Berish shows us the deep connections between the musical practices of each artist over the course of his life, and in doing so we leave these pages with a rich understanding of the devotion to craft that makes each artist a valued contributor to the ever-unfolding history of jazz music.

Much like the music and musicians he studies, Berish illuminates the varied frequencies of jazz music — whether it is the sweet jazz of the Casino Ballroom creating “nostalgic modernism,” or the train whistles in Duke Ellington’s music evoking an American South that was both beautiful and brutal, or the saxophonist and bandleader Charlie Barnet using metaphors of travel and the road to explore ways in which “white and black America could mingle on more equal terms,” or guitarist Charlie Christian evoking Oklahoma and the freedom of the “Territories” in his signature piece “Flying Home.” Of the legendary Charlie Christian, Berish writes “To adequately understand [his] musical drive, we first need to outline how the guitarist moved in the musical spaces he occupied and helped construct. Then we need to connect these musical enactments of mobility to his lived experience of space – the places where he lived and worked.”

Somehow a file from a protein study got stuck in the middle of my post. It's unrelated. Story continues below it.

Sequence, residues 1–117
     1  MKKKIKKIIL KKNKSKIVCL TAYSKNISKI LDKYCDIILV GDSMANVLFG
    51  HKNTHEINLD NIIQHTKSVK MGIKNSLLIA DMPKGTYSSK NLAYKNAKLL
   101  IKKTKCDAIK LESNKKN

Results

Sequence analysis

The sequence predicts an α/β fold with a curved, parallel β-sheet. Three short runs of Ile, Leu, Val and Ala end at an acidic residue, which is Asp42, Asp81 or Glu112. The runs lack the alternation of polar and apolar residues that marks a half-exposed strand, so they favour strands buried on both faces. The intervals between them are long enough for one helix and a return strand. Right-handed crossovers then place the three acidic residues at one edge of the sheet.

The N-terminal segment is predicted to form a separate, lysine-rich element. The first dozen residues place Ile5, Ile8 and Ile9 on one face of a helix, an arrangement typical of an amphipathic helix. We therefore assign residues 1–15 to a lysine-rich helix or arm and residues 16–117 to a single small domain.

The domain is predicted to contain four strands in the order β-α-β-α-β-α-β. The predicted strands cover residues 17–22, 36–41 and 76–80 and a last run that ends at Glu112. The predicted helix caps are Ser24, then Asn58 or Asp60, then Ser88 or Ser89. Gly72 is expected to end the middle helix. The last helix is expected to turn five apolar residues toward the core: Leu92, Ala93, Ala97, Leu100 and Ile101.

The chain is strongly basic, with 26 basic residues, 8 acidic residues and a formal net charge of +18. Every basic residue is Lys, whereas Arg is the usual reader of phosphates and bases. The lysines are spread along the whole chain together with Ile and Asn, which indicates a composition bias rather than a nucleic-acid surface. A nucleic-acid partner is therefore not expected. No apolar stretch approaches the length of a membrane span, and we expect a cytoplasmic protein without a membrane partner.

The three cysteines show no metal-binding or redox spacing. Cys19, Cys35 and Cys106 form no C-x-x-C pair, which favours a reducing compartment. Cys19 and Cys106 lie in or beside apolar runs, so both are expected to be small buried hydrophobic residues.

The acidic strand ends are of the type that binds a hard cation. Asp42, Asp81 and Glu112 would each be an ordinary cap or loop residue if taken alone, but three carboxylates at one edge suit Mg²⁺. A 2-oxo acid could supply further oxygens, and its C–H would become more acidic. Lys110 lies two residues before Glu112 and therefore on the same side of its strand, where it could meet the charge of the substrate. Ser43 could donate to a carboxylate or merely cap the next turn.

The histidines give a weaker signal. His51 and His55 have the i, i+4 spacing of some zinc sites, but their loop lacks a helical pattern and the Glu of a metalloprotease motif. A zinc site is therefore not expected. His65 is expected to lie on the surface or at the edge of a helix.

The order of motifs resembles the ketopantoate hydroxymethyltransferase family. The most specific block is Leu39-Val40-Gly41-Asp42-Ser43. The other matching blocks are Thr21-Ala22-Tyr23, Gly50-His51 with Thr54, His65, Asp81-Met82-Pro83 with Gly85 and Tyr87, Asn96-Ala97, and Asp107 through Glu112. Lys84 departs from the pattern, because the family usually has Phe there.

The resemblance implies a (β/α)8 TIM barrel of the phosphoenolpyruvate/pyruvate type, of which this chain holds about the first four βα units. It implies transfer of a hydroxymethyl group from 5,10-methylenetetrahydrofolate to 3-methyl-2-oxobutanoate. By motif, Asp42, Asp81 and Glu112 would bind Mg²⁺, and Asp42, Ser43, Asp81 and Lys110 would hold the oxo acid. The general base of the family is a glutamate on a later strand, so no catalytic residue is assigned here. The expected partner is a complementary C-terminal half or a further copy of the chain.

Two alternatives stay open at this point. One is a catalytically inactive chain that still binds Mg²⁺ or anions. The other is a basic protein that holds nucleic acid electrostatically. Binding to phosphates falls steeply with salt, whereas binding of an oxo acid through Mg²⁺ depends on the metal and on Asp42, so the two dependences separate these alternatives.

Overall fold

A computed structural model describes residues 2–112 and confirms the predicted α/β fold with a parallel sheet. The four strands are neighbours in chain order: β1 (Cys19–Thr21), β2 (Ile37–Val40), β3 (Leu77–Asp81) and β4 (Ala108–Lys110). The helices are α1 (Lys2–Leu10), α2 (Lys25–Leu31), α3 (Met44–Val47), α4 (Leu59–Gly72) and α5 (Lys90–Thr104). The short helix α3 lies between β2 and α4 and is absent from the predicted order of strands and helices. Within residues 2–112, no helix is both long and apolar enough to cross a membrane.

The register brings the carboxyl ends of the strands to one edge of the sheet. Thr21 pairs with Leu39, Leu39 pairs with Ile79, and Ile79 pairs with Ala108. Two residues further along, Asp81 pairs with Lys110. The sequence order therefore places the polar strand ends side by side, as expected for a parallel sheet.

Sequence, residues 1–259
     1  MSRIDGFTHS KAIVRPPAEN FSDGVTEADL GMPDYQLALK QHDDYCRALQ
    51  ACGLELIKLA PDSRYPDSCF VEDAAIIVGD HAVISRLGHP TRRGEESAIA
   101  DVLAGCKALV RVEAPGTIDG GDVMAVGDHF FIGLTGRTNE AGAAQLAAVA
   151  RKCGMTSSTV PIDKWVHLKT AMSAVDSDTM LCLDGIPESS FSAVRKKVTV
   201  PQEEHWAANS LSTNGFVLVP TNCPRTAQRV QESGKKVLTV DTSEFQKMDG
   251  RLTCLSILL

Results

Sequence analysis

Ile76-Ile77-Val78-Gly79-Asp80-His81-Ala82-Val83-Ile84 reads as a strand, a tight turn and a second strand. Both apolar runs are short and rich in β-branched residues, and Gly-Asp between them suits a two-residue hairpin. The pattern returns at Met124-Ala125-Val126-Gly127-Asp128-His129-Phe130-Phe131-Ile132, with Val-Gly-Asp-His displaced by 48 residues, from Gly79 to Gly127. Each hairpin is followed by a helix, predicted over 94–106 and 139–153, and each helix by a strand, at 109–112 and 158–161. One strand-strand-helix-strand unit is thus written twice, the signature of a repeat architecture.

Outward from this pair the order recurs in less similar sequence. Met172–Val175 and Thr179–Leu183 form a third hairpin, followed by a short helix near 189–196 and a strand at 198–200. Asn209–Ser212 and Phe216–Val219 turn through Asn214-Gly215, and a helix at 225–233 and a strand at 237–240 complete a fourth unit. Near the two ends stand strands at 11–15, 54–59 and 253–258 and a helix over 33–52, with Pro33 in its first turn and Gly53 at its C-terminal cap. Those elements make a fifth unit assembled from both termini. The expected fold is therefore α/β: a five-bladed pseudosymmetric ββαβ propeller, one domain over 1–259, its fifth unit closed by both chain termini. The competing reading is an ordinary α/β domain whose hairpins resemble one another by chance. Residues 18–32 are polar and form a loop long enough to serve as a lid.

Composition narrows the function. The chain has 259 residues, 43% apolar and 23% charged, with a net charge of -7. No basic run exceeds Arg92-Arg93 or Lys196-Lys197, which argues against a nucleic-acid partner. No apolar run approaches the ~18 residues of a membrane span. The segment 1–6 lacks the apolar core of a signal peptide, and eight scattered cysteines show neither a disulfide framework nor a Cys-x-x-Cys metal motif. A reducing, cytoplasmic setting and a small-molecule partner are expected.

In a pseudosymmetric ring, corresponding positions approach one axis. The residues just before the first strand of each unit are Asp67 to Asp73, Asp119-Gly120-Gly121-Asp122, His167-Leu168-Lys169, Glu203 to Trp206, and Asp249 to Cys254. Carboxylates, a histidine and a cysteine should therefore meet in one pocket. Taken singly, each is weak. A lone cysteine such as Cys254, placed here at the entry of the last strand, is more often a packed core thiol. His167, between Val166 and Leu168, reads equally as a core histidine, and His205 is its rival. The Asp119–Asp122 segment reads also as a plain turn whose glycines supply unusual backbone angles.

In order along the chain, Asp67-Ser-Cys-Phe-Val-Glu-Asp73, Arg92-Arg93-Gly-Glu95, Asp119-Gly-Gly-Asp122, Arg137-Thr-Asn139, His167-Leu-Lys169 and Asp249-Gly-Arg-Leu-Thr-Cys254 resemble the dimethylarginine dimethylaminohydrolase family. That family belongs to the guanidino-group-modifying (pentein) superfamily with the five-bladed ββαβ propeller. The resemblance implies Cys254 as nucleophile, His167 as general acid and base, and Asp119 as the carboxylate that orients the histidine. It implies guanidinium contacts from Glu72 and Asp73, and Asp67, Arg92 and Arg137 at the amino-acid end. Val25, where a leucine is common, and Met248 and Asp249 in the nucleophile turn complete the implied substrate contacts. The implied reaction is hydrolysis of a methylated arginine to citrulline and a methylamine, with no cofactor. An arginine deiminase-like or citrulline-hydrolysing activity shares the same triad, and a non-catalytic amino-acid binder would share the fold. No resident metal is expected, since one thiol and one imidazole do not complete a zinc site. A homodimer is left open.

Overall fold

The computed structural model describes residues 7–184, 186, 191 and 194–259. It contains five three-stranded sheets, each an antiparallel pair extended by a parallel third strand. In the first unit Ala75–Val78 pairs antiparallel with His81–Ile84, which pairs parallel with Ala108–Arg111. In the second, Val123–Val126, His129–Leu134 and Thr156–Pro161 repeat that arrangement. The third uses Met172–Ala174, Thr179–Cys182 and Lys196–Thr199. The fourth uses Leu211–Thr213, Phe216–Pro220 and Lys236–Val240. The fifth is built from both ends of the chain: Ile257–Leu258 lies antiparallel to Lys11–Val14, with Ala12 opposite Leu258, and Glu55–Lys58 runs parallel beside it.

The task Berish sets for himself is straightforward enough — how does music create a sense of movement? Yet the actual undertaking of this question requires critical and creative thinking. Berish demonstrates both. In considering “how a sense of movement is generated” in music, he tells us “traditional musical analysis is insufficient” and instead “offer[s] some new ways to talk about [the] essential, and frequently overlooked, aspect of musical meaning.” The prose is always engaging and thorough; the close reading of specific pieces of music is skilled and specialized; and the narrative arc of the study as a whole is exhilarating. This work shows us the deep connections between the musical practices of each artist over the course of his/her life, and in doing so, one might leave these pages with a stronger desire to understand the devotion to craft that makes each artist a valued contributor to the ever-unfolding history of jazz music.

“Roads,” Berish tells us, “brought more than music — they brought new ways of hearing and understanding America.” The same can be said of this book. Ranging from the high branches of literary and artistic theory to apocryphal tales, the writing is at once serious and accessible. In his own jazz-inflected way, Berish offers us original ways of grappling with the connections between music and place, and of reading the evolution of jazz music in the landscape and soundscape of a United States that was itself in transition.